JANUARY 19-20, 2000 25 TEBET 5761
- Rabbi Reuven Semah
"The Egyptians enslaved the Children of Israel with crushing harshness" (Shemot 1:13)
The exile of Egypt begins for the Jewish people. The land of Egypt in Hebrew is called "Misrayim." This word is derived and related to the word "Mesarim," which means pressure. The Israelites were pressed with extreme pressure. Today we are still in exile. If we could describe our exile we would say we are under pressure. There is no doubt that the stress that people are enduring today is at times unbearable. How can we alleviate our stress and the stress of our friends? If we study the exile of Egypt we will find answers.
We, as Americans, have been influenced by a movie called "The Ten Commandments." The movie shows how the Jews were whipped and were made to lift heavy loads. Hollywood even mixed in a little love story surrounding Moses. We came to the conclusion that the slavery in Egypt was bad, but the Holocaust in Europe was worse. This is not true. Jewish babies were grabbed from Jewish mothers and drowned before their eyes. Babies were taken and placed into the mud walls in the place of bricks, and suffocated.
Miriam, the older sister of Moshe Rabenu was born at the time when the bitterness reached its peak. Bitterness was so strong that it was chosen by her loving parents as a name for their only daughter. Miriam means bitterness. Miriam used to sing to the doomed children that were born in Egypt. The Midrash says that she and her mother, Yochebed, would embroider baby clothes for the doomed infants. Imagine the spiritual fortitude required for this. The decree to murder the babies touched the Jewish people in a place where they would feel the pain more acutely than anywhere else. They were left speechless. They felt their complete dependence on Hashem. Why did they feel the closeness to Hashem and not get angry at Hashem? The Midrash explains that despite their spiritual descent to the forty-ninth level of impurity, they still maintained a strong connection to the forefathers, Abraham, Yitzhak and Ya'akob. The people spoke the language, dressed the same way and used the same names as the forefathers. And the forefathers connected them to Hashem. They were able to sustain and flourish in that pressure-cooker of Egypt. They did this by allowing Hashem to shape them and take over their lives. They accepted Hashem's will completely, like water assumes the shape of the vessel that contains it. This is why Miriam merited the well in the desert - because she was like water. This is our antidote to our exile. Let him take over our lives, and we will become free. Shabbat Shalom.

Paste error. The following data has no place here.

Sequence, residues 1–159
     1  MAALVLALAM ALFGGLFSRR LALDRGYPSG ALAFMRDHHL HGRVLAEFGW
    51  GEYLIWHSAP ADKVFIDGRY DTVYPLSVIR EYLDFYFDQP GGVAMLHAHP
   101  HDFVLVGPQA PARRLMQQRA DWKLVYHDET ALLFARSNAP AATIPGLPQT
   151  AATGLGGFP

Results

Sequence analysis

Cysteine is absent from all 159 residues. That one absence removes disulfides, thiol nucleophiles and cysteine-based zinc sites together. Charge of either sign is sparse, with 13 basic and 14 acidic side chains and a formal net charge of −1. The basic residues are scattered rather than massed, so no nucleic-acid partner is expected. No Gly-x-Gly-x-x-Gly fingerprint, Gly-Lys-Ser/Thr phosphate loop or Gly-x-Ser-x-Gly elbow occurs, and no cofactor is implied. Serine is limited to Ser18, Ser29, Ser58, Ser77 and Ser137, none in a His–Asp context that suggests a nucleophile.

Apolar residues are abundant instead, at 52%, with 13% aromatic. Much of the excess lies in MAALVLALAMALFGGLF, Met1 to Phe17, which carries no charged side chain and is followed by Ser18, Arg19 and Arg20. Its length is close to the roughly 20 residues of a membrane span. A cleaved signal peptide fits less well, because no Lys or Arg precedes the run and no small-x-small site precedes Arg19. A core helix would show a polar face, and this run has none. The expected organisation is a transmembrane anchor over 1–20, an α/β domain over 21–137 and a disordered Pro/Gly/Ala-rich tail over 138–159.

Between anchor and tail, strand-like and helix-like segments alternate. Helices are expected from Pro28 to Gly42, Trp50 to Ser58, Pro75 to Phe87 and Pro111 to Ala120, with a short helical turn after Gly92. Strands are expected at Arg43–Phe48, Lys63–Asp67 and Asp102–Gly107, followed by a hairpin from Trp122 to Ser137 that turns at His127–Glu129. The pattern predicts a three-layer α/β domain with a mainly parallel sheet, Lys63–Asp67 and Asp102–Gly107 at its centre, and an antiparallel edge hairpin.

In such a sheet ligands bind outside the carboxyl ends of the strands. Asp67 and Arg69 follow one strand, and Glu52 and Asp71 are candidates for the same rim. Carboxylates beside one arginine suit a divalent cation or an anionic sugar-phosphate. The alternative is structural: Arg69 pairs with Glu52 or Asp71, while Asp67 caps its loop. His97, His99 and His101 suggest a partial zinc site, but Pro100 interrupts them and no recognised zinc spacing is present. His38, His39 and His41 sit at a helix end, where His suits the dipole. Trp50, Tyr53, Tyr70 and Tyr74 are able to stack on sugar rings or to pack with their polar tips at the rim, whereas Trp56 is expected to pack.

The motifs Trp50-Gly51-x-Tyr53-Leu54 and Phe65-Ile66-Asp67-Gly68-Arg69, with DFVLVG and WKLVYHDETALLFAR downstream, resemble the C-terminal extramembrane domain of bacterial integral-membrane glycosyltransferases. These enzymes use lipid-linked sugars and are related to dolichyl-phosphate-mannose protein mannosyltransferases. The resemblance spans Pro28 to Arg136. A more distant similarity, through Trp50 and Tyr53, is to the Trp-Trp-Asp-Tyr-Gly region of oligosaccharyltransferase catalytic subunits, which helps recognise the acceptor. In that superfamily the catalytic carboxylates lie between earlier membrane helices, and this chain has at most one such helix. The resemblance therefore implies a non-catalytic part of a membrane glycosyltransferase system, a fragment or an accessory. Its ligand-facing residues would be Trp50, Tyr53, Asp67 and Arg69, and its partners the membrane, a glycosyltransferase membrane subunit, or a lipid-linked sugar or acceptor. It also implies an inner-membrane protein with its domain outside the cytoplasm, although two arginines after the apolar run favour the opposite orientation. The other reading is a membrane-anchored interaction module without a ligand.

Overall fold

- Rabbi Shmuel Choueka